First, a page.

It felt like carrying a heavy rock on top of a steep cliff.

I’m used to working commercially, so the boundaries are always clear. This time not so much. I created the film together with Abel the DOP and I think in the whole process we created maybe 10 concepts. Some really good, some bad. We started with a first script, but soon came to realise the production wasn’t feasible. So back to the drawing table we went.

The moment we received our obstruction we where quite happy. We created the script and thought about how we could integrade the obstruction. At first we wanted to create a one-shot film, but it was too difficult to create a smooth one-shot without a steady-cam. So, we decided to use it as an intro.

Your obstructions were relatively easy, technically. Did that help you in the process of making this film or did you feel they limited you, because they didn’t offer enough to build upon?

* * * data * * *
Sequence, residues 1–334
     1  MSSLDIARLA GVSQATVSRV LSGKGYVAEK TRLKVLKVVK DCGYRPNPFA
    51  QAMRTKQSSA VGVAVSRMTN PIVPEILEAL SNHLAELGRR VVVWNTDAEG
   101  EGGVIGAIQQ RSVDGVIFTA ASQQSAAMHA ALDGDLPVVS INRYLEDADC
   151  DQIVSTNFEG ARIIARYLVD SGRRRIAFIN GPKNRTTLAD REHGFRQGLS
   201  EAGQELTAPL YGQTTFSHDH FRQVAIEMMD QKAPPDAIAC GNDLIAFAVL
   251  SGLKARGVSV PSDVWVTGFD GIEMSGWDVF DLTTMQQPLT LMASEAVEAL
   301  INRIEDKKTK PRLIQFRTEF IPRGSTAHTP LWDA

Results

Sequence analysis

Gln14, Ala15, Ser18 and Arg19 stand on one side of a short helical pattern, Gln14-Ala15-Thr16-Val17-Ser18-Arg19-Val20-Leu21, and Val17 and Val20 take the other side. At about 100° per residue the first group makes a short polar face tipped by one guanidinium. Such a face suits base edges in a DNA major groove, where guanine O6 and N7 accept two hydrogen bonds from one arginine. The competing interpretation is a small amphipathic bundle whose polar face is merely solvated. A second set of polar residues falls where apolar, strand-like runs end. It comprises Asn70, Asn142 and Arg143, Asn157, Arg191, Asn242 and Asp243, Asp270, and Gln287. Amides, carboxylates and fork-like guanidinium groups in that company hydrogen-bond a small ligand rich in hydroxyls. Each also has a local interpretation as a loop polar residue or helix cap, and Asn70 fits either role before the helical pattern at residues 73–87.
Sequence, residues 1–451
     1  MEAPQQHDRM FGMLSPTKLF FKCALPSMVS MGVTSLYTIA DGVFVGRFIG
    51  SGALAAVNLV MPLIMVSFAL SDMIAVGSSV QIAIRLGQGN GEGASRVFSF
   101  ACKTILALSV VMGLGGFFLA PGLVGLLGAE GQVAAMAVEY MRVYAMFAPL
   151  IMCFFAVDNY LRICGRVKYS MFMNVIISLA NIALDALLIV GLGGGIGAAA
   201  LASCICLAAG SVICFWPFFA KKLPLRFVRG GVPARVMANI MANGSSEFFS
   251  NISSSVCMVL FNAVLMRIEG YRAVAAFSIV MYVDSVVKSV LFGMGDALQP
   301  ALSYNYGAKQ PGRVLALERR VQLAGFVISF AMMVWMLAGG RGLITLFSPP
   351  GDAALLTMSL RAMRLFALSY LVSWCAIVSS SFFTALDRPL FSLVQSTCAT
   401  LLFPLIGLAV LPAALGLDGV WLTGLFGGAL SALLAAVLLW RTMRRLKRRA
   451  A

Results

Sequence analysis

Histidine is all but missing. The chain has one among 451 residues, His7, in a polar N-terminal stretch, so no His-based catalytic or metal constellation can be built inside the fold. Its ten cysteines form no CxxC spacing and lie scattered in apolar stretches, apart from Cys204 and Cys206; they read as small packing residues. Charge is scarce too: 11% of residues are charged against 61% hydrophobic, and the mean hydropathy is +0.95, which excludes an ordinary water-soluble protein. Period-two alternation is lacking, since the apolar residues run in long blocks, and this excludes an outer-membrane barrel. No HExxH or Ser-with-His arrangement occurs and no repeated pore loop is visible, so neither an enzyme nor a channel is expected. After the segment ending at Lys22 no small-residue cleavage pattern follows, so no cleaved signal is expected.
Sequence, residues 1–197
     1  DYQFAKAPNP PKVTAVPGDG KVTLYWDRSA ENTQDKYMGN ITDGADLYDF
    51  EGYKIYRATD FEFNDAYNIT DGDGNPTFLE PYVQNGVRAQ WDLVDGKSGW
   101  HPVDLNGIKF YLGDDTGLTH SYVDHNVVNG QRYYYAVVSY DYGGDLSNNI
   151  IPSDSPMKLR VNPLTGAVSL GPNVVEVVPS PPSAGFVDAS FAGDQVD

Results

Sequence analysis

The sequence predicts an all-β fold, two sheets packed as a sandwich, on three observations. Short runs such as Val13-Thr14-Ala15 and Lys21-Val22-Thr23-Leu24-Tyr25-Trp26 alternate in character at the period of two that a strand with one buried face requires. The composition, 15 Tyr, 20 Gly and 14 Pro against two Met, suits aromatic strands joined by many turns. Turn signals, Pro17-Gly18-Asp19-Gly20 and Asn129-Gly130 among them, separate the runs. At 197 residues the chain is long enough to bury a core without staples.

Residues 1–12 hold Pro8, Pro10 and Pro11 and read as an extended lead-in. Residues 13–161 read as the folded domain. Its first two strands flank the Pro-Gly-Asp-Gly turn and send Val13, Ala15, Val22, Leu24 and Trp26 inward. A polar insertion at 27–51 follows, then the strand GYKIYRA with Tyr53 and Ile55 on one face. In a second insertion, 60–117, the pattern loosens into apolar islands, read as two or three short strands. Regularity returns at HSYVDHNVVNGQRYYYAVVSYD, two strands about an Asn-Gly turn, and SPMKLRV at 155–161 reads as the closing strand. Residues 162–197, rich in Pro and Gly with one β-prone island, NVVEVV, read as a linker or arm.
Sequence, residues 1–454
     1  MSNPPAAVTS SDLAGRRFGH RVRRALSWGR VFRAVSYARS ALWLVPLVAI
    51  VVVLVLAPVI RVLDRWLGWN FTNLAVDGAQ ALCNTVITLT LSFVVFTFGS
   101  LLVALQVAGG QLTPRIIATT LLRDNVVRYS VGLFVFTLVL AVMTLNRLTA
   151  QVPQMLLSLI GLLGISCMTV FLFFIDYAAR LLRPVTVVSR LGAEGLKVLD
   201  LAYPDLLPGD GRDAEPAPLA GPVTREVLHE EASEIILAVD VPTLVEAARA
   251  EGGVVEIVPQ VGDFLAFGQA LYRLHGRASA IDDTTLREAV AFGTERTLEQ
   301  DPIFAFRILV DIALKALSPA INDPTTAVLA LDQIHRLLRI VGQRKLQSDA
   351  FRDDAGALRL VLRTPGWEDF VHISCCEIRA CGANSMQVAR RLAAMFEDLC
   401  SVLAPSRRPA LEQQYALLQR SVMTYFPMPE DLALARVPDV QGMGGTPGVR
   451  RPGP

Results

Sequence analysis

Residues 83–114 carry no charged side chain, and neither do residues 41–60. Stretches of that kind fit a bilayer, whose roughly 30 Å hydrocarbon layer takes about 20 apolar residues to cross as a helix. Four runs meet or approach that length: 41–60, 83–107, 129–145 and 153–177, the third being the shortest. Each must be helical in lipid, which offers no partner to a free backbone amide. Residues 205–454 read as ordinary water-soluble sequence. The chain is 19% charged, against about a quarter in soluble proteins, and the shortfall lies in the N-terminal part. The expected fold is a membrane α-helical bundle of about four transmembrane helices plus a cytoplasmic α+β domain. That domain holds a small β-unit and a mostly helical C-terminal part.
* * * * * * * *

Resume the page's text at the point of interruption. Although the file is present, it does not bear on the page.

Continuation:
We didn’t feel limited. We where actually inspired to do a long take, which resulted in the intro we have right now. In the end the obstruction inspired us to think more creatively about the concept of a 360 movement and when we flipped our perception, we realised that the whole video was about 360 degrees all along.

In the final film you failed to find a solution for the obstructions. What is your best excuse, and do you really feel like you failed?

You have to make strong decisions to create the best end result. The intro shot worked so much better as an 180 turn instead of the requested 360. So, I don’t believed we failed. We created a film which hopefully can support people to let go of the rock you don’t need.

Thank you.

ABOUT JOEY DE LEEUW

ABOUT JOEY DE LEEUW

ABOUT JOEY DE LEEUW

Joey is an Amsterdam based director with a quirky view on the films he makes.